Misconceptions of First-Time Homebuyers

Misconceptions of First-Time Homebuyers


Realty Biz News writes about misconceptions of first-time homebuyers. The number one misconception:

Misconceptions of First-Time Homebuyers

It’s cheaper to rent than own. This may be true if you’re planning to rent for a short period of time. But, if you’re planning to rent for several years, you might be better off purchasing a home. A fixed-rate mortgage is stable for 15 to 30 years, but rents may increase on average by as much as 5% per year.

Money spent on a mortgage each month is building equity in your pocket rather than the landlords. Something you’ll eventually own is a foundational means to growing wealth. Consider using a rent vs. buy calculator to run the numbers and see if owning makes better financial sense for you in your area.

The Reasons for Buying:

  • The biggest reason is equity build. Equity equals the home’s value minus mortgage debt. Mortgage payments go to the bank and you gradually pay down the mortgage.
  • Landlords generally raise rents, especially if the market for rentals is tight as it is now. If you are already paying a third or more of your income for rent, meeting the rent can get tougher. A mortgage payment is fixed for 30 years.
  • A symptom of inflation is housing going up in price over time. Many cities, across the country, are experiencing increases each year. A seven percent increase in the value of your house each year doubles the price in 10 years and increases your equity.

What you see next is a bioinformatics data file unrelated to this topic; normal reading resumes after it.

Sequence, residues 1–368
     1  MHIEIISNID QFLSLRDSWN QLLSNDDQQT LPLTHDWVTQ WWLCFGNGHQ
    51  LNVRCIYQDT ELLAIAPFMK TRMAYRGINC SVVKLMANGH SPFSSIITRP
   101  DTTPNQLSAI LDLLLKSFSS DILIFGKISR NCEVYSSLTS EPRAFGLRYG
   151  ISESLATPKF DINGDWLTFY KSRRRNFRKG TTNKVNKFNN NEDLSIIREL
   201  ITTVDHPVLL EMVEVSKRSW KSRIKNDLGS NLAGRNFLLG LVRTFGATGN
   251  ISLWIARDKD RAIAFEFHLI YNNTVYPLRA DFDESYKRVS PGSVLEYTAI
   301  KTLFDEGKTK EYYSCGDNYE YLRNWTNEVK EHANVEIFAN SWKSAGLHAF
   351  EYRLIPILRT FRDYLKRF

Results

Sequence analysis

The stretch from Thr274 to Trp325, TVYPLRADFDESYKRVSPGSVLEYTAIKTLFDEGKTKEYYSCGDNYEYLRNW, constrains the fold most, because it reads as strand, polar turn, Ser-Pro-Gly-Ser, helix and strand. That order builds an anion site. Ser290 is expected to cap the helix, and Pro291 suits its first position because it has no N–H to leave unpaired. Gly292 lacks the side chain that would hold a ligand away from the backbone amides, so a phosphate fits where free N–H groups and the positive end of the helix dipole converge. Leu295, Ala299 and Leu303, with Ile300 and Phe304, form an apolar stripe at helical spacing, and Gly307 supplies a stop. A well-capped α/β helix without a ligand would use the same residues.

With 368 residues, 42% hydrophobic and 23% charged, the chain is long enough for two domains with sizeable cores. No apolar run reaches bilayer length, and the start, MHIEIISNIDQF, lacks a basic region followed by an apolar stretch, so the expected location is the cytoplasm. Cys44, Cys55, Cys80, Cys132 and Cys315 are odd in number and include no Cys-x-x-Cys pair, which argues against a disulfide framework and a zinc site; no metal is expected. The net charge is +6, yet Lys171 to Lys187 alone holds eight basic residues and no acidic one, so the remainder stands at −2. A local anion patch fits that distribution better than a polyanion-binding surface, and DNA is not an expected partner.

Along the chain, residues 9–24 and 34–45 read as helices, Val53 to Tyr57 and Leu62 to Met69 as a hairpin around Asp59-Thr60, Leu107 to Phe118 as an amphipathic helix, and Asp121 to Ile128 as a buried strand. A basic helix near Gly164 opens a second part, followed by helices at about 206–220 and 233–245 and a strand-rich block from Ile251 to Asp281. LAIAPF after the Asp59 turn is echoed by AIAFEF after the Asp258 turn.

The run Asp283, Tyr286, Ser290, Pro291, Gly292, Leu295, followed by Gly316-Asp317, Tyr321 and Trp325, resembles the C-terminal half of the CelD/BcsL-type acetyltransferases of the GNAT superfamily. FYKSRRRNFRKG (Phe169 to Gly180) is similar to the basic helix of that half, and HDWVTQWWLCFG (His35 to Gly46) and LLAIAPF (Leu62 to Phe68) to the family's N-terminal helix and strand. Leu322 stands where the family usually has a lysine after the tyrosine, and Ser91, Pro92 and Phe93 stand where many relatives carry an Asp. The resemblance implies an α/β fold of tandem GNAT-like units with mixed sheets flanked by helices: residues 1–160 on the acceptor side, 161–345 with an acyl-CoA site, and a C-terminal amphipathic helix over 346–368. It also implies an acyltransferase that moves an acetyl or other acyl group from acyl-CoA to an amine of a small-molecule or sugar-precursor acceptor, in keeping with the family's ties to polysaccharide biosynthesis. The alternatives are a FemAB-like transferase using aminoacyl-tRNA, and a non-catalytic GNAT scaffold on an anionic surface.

• Rental payments are not tax-deductible. The interest paid on a mortgage is deductible on your tax return. You can look at it as Uncle Sam helping you buy your house.
  • Creative control – you want to paint a wall purple, tear out a wall, hang every picture you have, no problem. You don’t have to get permission. You also don’t hear foot traffic from a tenant up above you or a stereo blasting.
  • A house is your castle, your rock. Ownership is stability. A house is private property and for the most part, we still protect private property rights.
  • Think of school. If you have young children, owning a home lets you give the children the stability of staying in the same school district for an extended period. I ought to know. This writer lived in six houses while in grade school.

And for Renting

  • Flexibility – if you don’t know how long you will stay in a particular area, renting works well
  • Career stability – many young people seem to change jobs frequently, renting works well
  • Credit – is either poor or not well established. The good news here for renters is that on-time rental payments can establish credit.
  • Income instability – It is hard to make a long-term commitment to a house when you have worries about a stable income.
  • No maintenance expenses – when something breaks, just call the landlord. Maintenance can add significantly to the cost of home ownership.
  • No down payment – except for the usual first and last monthly pent and a security deposit.
  • You may be able to rent an apartment with all the amenities you desire like a pool, gym, social meeting area, and conference facilities.
  • Richard Green, a professor at the University of Southern California, Los Angeles said, “Housing can be more volatile than you think.”

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